Everybody but the British media seems to recognise the titanic effort of  the Paralympians. What, not exhilarating enough for you? 

 

All our Paralympians have shone brightly at the Rio Games but there is very little mention or coverage of this in the newspapers. Unlike the Olympics, which dominated the news stories for two weeks, the Paralympic stars are not gracing the front pages and there is no mention of honours for some very accomplished athletes.

There is a disparity between Olympians and Paralympians. The former receive the honour and greatness they deserve, the latter are merely an afterthought, relegated to the sports section. Rarely do any news of Paralympians even feature as smaller stories on the front page — despite the years of training and experience put in to reach this optimum level of being able to represent their country on the world stage.  The media who do not accord these stars their due attention and praise, are the chief culprits of this inexplicable snubbing.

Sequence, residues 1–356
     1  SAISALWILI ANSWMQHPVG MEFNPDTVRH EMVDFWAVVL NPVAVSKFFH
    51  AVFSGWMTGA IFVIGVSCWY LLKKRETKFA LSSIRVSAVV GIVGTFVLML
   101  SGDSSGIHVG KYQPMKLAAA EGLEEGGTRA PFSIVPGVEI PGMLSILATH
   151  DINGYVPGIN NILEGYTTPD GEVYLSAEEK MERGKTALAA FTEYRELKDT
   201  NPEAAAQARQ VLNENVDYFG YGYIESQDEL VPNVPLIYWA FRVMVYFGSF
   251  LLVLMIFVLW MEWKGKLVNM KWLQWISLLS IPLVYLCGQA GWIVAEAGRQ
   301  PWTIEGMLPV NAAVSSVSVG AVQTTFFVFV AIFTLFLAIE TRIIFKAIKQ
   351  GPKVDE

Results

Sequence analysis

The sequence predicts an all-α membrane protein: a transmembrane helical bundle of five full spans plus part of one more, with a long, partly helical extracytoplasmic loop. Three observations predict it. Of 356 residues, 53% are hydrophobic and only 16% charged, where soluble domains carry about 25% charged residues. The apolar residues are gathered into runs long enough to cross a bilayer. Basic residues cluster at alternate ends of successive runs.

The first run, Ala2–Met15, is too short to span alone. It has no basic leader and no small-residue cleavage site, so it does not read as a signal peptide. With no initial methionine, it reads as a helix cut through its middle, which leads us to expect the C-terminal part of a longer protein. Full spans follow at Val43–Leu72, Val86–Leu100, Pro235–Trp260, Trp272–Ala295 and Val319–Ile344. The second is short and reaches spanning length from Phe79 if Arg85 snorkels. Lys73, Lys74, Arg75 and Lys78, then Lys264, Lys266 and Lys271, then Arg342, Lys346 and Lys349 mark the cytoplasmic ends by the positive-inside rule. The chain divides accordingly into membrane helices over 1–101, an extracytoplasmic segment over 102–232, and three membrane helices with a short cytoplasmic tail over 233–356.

This year, Britain has achieved its highest medal count since 1988. However, apart from a few sources, the media has largely overlooked the Paralympians’ brilliance during these Games. For instance, Dame Sarah Storey, has won the most medals in female Paralympian history for Great Britain, winning her third gold medal at Rio on Sunday. Or, Ollie Hynd, who has dominated the field in swimming, winning two gold medals at Rio and breaking a world record title.

Despite this success, Paralympians continue to be left out of the front pages of newspapers — quite ridiculous. This disparity in treatment, where the Olympians receive a grand standing while the Paralympians are treated like a dull younger cousin, is now routine.

Great Britain should be proud of its Paralympians and their success. These remarkable people deserve to receive as much coverage in the news as their Olympian counterparts.

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